How can a company that tells people explicitly not to buy its products survive? That’s a question for Philip Morris International Inc., which recently unveiled a campaign to “unsmoke” the world.

The Marlboro maker reports first-quarter earnings on Thursday, giving investors the latest data on just how fast cigarette volumes are falling. With its public push to discourage smoking, Philip Morris isn’t fighting that trend. Instead, it’s ramping up focus on its IQOS heat-not-burn device, already sold in about 44 countries.

“It makes financial sense because the new business is more sustainable, a better product for consumers. I’ve never seen where there is a better product for consumers and the company ended up in a worse situation financially,” said Chief Operating Officer Jacek Olczak. “IQOS and combustible (cigarette) volumes, they are 100 percent correlated. We’re not afraid of cannibalization.”

Philip Morris, which hasn’t sold in the U.S. since a 2008 split from sister Altria Group Inc., has been leaning into anti-smoking at a time when the drop in cigarette volumes is accelerating. Globally, volumes are falling at about 3 percent to 4 percent annually, Bloomberg Intelligence analyst Kenneth Shea said.

The “Unsmoke” campaign sums its mission up thus: “If you don’t smoke, don’t start. If you smoke, quit. If you don’t quit, change.” Still, anti-smoking advocates say the company’s new marketing is a far cry from it giving up on cigarette sales altogether.

“Their actions tell a different story than their words,” said Caroline Renzulli from the Campaign for Tobacco-Free Kids. Her group photographed a billboard in Indonesia showing a new brand, and says ads there feature the word baru, which means new — a sign that Philip Morris is still putting some resources into traditional tobacco. Around 214,000 Indonesians die from tobacco-related disease annually, and Philip Morris controls about 34 percent of the cigarette market there, according to the group’s website.

Philip Morris Bold was registered in Indonesia in January, according to the World Intellectual Property Organization. When asked about the registration, Olczak said the company sometimes needs to change labeling on its cigarettes, such as to accommodate new health warnings, and that in general it has reduced new brand launches. The company doesn’t yet sell IQOS in Indonesia, though plans to test it in the future, he said.

“In all markets where we have IQOS we have put product introductions to zero,” Olczak said.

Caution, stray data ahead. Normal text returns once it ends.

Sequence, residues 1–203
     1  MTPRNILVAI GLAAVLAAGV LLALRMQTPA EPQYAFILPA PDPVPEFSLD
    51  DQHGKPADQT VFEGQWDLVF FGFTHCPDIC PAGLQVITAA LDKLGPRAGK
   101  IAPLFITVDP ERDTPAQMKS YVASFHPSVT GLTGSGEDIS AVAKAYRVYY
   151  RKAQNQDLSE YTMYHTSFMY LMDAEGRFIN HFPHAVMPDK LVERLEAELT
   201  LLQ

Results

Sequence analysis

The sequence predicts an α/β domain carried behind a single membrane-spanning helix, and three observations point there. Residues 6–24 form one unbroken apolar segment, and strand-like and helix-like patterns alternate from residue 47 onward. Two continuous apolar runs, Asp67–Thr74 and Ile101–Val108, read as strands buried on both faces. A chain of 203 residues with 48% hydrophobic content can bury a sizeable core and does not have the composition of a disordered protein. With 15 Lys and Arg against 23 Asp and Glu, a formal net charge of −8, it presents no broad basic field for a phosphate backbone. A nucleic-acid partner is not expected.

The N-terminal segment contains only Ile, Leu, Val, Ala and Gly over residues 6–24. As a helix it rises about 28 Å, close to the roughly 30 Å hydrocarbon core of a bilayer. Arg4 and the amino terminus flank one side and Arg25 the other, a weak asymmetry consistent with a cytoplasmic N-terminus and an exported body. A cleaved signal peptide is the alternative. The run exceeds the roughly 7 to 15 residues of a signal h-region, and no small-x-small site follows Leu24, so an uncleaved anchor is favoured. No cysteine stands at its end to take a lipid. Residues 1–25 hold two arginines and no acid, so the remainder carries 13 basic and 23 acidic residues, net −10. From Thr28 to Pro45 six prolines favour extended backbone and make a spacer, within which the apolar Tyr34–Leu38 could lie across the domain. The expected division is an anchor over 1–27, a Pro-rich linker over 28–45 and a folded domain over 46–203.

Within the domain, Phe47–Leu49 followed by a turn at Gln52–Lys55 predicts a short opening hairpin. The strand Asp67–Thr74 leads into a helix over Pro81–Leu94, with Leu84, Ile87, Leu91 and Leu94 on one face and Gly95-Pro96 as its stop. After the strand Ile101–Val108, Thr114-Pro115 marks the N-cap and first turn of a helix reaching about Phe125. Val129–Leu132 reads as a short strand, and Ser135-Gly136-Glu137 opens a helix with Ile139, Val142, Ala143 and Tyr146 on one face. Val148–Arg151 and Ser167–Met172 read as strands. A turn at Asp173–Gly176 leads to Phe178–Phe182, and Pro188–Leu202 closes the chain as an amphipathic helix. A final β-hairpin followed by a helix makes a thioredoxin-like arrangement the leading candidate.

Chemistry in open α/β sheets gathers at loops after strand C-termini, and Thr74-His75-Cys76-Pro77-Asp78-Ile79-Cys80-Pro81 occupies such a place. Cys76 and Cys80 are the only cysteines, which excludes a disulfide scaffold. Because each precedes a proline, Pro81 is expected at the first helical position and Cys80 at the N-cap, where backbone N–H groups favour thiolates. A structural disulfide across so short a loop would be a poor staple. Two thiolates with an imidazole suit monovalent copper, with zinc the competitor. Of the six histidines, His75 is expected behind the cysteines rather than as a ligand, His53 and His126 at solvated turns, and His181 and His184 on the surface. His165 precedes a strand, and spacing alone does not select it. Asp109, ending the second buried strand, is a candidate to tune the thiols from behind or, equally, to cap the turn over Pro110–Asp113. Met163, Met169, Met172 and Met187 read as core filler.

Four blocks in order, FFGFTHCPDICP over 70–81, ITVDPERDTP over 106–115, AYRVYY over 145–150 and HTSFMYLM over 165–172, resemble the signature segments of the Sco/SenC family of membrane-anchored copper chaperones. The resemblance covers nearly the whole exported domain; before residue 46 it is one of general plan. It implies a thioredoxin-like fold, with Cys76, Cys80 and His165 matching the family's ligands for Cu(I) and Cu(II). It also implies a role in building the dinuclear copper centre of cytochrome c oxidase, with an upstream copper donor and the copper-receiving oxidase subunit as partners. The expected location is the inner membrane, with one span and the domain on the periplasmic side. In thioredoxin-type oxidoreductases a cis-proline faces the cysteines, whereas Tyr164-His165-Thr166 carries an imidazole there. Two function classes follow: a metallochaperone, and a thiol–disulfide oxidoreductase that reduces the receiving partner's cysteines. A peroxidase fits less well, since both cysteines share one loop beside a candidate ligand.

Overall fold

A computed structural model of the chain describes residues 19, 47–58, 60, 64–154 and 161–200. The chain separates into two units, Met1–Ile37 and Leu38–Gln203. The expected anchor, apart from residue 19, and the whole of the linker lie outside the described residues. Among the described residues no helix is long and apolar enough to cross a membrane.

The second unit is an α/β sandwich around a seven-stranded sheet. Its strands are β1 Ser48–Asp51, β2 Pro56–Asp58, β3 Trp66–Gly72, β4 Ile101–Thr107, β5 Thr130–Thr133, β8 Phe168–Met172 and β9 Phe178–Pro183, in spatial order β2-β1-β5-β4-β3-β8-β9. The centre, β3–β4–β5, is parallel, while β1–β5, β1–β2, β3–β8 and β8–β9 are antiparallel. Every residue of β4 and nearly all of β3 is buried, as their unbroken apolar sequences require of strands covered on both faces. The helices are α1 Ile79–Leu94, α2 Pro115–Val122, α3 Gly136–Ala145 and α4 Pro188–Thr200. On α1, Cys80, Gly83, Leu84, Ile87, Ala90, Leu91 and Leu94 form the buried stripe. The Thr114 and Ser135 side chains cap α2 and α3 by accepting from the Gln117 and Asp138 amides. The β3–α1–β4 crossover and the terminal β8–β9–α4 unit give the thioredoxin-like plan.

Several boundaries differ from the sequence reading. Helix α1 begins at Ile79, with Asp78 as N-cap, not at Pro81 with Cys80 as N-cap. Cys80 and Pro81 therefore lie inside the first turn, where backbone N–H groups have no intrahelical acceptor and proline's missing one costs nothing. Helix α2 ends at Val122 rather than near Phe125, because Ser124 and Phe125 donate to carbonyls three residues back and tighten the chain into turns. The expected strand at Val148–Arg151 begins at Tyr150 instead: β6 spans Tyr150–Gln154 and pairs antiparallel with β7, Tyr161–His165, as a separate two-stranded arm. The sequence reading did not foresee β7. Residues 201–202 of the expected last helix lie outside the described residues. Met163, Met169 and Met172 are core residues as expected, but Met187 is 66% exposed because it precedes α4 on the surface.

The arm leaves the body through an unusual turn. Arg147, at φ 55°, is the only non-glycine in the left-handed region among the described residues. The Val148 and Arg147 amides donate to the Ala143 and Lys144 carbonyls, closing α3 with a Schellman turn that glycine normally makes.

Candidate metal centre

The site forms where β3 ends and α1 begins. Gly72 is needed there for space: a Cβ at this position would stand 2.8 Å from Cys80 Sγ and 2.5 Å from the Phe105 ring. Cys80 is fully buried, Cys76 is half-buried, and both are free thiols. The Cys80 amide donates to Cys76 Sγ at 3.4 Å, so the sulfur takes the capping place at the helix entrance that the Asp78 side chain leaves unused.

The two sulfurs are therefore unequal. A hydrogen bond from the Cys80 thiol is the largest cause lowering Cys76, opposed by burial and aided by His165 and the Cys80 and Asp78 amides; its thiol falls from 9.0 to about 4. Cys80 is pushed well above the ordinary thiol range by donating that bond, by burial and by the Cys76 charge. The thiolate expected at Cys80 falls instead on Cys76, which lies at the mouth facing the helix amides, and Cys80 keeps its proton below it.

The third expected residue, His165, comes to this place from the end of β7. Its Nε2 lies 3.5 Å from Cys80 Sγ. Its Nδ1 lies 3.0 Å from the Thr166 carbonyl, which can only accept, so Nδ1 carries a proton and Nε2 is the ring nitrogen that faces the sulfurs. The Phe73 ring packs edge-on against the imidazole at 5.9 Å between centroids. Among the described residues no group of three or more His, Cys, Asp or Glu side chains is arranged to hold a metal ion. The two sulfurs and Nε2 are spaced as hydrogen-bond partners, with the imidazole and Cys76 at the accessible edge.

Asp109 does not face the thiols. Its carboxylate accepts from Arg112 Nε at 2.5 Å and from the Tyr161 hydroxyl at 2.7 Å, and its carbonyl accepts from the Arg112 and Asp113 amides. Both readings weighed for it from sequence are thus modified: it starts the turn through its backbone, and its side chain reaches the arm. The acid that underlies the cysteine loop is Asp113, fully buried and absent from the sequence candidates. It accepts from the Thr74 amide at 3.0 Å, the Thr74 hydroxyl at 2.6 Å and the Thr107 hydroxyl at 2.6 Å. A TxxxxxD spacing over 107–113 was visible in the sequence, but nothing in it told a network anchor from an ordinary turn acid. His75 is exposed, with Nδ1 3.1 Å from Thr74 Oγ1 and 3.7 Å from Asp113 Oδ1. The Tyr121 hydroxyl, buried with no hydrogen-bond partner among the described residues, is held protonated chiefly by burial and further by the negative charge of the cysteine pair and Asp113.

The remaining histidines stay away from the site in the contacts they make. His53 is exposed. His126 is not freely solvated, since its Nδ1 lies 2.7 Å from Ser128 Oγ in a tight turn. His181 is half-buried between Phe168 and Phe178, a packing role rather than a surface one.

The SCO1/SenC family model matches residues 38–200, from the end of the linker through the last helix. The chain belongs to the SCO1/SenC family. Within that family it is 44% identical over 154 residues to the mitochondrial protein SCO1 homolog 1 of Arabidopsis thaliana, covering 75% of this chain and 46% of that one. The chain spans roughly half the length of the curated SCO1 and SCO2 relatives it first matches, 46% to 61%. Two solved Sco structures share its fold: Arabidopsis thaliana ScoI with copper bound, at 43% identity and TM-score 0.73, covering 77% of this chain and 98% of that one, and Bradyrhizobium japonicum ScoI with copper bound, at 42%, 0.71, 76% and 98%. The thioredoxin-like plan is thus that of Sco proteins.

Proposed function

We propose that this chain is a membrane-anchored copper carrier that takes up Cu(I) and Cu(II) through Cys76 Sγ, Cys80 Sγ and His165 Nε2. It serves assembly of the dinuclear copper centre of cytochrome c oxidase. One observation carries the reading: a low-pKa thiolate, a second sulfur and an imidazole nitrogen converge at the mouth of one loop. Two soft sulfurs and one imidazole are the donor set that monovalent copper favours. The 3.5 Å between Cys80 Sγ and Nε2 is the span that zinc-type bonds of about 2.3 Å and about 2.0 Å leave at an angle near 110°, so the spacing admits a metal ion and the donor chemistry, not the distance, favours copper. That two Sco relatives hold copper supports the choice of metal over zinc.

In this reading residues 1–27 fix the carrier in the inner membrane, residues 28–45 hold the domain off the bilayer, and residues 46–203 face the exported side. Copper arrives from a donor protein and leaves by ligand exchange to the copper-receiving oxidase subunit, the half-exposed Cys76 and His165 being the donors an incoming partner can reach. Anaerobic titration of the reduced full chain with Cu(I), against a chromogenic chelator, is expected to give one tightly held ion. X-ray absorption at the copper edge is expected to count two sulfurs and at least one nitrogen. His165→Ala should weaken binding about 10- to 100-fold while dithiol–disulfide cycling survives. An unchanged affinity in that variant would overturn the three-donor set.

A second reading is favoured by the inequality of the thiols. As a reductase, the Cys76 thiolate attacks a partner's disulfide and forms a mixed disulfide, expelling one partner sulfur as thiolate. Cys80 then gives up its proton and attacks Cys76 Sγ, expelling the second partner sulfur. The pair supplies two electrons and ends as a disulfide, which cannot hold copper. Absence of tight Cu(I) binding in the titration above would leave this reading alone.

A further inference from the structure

When asked if the company would ever separate IQOS from the cigarette business, Olczak said: “I don’t have to think about this today,” adding that “it’s a nice problem to have for the future.”

It might make sense. Declining businesses with liabilities are sometimes managed through spinoffs, and Philip Morris faces lawsuits in Israel, Canada and Nigeria that claim “billions” of dollars in damages related to tobacco use and exposure, according to its filings.

Altria took steps last year to hedge against Big Tobacco’s troubles — taking stakes in Juul Labs Inc. and Canadian cannabis company Cronos Group Inc. For Philip Morris, it’s banking its future on IQOS. Though sales are going well in some countries, it’s still trying to court the World Health Organization to embrace its push to help adult smokers switch. It’s also seeking approval from the Food and Drug Administration to sell IQOS in the U.S. If it succeeds, Altria has an agreement to market it. A separate application from Philip Morris also seeks to market it in the U.S. as a reduced-risk product.

Olczak himself says he couldn’t quit smoking until six or seven years ago. He had a child and his wife was very unhappy with his cigarette use, so he tried an IQOS prototype, which he says finally helped him kick the habit. The company is ready to put a “human touch” on the issue, telling anecdotes about how relieved some children were to see their parents quit cigarettes thanks to IQOS, he said.

The decline in cigarette volumes in many countries hasn’t spooked Philip Morris investors — shares have jumped about 30 percent this year.

And cigarette sales are growing in places such as Pakistan, the Philippines, Thailand and Turkey, the company’s most recent annual report shows. In Indonesia, they were flat. In some countries, Olczak said, a reduction in illegal trade has resulted in volume increases.

Roberto Pozzi, an analyst at Moody’s Investors Service, questions what Philip Morris will do if alternative products aren’t as profitable as expected. Unlike Altria, the company doesn’t have investments in wine and cannabis. “They say the margins are similar to traditional cigarettes for IQOS, but they don’t publish the data,” Pozzi said.

IQOS does have better margins, because of taxes, Olczak said. It’s taxed favorably compared with cigarettes in many countries, such as Japan. But margins could be hurt if regulators decide to do otherwise, the company has said in regulatory risk statements.

Philip Morris is also working on other devices, such as IQOS 2, which has a carbon heat source at the tip that generates heat without an electric system. It has been launched as a test in the Dominican Republic. Further commercialization plans are under way, but have yet to be announced. Another possible path, Olczak said, is using the product as a medical device, or for nicotine replacement therapy.

In a time of both misinformation and too much information, quality journalism is more crucial than ever.
By subscribing, you can help us get the story right.